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De Blasio Says He Hasn’t Seen a ‘Fair’ Congestion-Pricing Plan From Cuomo

De Blasio Says He Hasn’t Seen a ‘Fair’ Congestion-Pricing Plan From Cuomo

  • Cuomo created a state task force to study congestion pricing
  • The mayor wants a ‘millionaires tax’ to finance mass transit

New York Governor Andrew Cuomo, left, and New York City Mayor Bill de Blasio, attend an event on Roosevelt Island in New York City on Sept. 13.

Photographer: Drew Angerer/Getty Images
Photographer: Drew Angerer/Getty Images

New York City Mayor Bill de Blasio unveiled his own plan to ease congestion as he took a swipe at Governor Andrew Cuomo’s proposal to charge motorists a fee to enter Manhattan.

De Blasio, a Democrat who faces re-election in November, said he hasn’t seen an acceptable congestion-pricing plan since Cuomo put together a state task force a month ago to study the issue.

“I have not seen a plan that’s fair,” de Blasio, 56, said Sunday as he discussed a plan to restrict traffic, reduce double-parking and limit truck delivery hours on busy streets throughout the city.

The state’s two highest-ranking elected Democrats have feuded over a range of issues, most recently how to finance the state-run Metropolitan Transportation Authority that controls the city’s subway and bus lines. Cuomo has proposed a rush hour Manhattan-entry fee, while de Blasio advocates increased taxes on city residents earning more than $500,000 a year.

Cuomo, 59, who faces re-election next year and may run for president in 2020, could lose votes in the city’s two most populous boroughs of Queens and Brooklyn, where motorists would be most affected by congestion pricing. The proposal wasn’t popular with lawmakers in those boroughs a decade ago when former Mayor Michael Bloomberg advocated it as a way to raise about $500 million for mass transit. The former mayor is founder and majority shareholder of Bloomberg News’ parent, Bloomberg LP.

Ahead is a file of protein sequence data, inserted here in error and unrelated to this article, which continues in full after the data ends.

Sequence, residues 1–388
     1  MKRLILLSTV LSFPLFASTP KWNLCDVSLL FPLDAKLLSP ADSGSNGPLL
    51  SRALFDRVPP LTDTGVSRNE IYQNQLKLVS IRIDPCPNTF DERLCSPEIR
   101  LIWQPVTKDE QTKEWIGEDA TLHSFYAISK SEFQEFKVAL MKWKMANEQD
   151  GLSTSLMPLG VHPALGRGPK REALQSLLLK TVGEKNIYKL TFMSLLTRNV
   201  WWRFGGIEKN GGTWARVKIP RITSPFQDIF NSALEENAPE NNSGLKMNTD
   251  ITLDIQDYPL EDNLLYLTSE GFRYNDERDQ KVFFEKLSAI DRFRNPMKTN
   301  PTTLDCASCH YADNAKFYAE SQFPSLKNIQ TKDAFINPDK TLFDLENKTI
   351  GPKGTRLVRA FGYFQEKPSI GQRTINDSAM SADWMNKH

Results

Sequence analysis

Aging Equipment

Since then, the MTA’s fiscal problems have worsened, with deferred maintenance and aging equipment causing power problems, track fires and derailments. Delays have more than doubled in the past five years. The system’s 665 miles of track serves about 5.7 million riders a day.

At the same time, the emergence of electronically hailed vehicles for hire and construction in Manhattan’s midtown have slowed traffic throughout one of the world’s most densely populated cities.

De Blasio, in his Sunday remarks, described congestion pricing as a “regressive tax.”

“Rich people will pay it without even knowing and poor people and working-class people will really take a hit,” he said. “And it doesn’t make any accommodation for people who need to go to the hospital, including folks of limited means.”

MTA spokeswoman John McCarthy said the mayor’s plan to ease congestion is “to enforce the‎ law, which begs the question: what has been City Hall’s policy for the last four years?”

“We’re glad he seems to finally recognize the severe problems caused by congestion and we’d urge him to help address this issue with a comprehensive solution," McCarthy said.

In the event Cuomo proposes a new plan, de Blasio said he would consider it. The millionaires tax, which was backed by 64 percent of city voters in an Oct. 6 Quinnipiac University poll, “would tax New York City residents only -- millionaires and billionaires --to fund the MTA and it’s a cleaner solution,” de Blasio said.

Cuomo spokeswoman Dani Lever wasn’t immediately available for comment.